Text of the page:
Gov. Patrick and public records

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By Dan Kennedy

During his campaign for governor, Deval Patrick pledged to bring about a new era of civic engagement and open government. In his inaugural address, Patrick spoke of “a great movement based on shared responsibility from the corner office to the corner of your block and back again.”

Unfortunately, the governor’s lofty rhetoric has not been matched by his less-than-zealous support for the proposition that the public’s business ought to be conducted in public. In the new issue of CommonWealth Magazine, Colman Herman reports that Patrick has leaned heavily on a 1997 decision by the state’s Supreme Judicial Court, Lambert v. Judicial Nominating Council, to argue that his office is exempt from the Massachusetts Public Records Law.

According to the Patrick administration, the governor voluntarily complies with most requests for records despite his belief that he is exempt. But media lawyer Kimberly Keyes tells CommonWealth that Lambert was meant to apply only to personal questionnaires filled out by candidates for judicial appointments. (Disclosure: I am a contributing writer for CommonWealth.)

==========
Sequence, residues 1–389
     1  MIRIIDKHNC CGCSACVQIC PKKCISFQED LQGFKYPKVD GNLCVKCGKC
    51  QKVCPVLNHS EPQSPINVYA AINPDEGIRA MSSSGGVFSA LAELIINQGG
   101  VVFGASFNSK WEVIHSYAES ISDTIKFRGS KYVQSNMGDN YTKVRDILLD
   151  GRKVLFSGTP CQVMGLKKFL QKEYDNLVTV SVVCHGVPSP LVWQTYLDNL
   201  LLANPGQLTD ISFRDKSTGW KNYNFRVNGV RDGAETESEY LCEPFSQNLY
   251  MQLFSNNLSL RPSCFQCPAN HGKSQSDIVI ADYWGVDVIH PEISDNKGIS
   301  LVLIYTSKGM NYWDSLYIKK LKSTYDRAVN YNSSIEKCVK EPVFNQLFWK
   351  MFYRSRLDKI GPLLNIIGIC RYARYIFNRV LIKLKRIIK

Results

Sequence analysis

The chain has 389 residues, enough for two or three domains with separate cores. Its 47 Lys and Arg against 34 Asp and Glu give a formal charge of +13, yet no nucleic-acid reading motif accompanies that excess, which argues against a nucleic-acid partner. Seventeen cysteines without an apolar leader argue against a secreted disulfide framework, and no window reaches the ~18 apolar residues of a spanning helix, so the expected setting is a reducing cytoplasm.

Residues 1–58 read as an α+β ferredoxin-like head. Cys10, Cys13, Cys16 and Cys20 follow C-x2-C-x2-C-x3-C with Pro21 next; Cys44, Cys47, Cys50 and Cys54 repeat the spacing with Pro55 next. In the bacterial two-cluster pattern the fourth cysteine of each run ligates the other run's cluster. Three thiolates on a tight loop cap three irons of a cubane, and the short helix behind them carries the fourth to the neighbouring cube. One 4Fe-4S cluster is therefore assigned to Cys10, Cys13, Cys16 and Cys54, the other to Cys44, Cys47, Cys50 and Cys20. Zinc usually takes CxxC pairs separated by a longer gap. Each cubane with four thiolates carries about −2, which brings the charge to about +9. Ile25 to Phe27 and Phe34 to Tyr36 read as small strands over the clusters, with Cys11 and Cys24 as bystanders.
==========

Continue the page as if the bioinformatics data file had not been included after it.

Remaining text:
“Lambert was a narrow ruling, not a broad one,” says Keyes.

Republican governors such as Mitt Romney and Paul Cellucci reportedly took the same position. And Republican Party spokesman Barney Keller’s assertion that Patrick should be held to a higher standard because he, unlike Romney and Cellucci, embraced open government is silly on one level.

On another level, though, Patrick did, in fact, promise something better. Rather than cling to a legal interpretation that allows him to keep some public records a secret, Gov. Patrick should embrace openness, through his own actions when possible, and by filing legislation when necessary.

Dan Kennedy is an assistant professor of journalism at Northeastern University and a frequent commentator on media issues. His blog, Media Nation, is online at Media Nation

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One Response to “Gov. Patrick and public records”

  1. don warner saklad Says:

    What’s the address for email for Colman Herman?…

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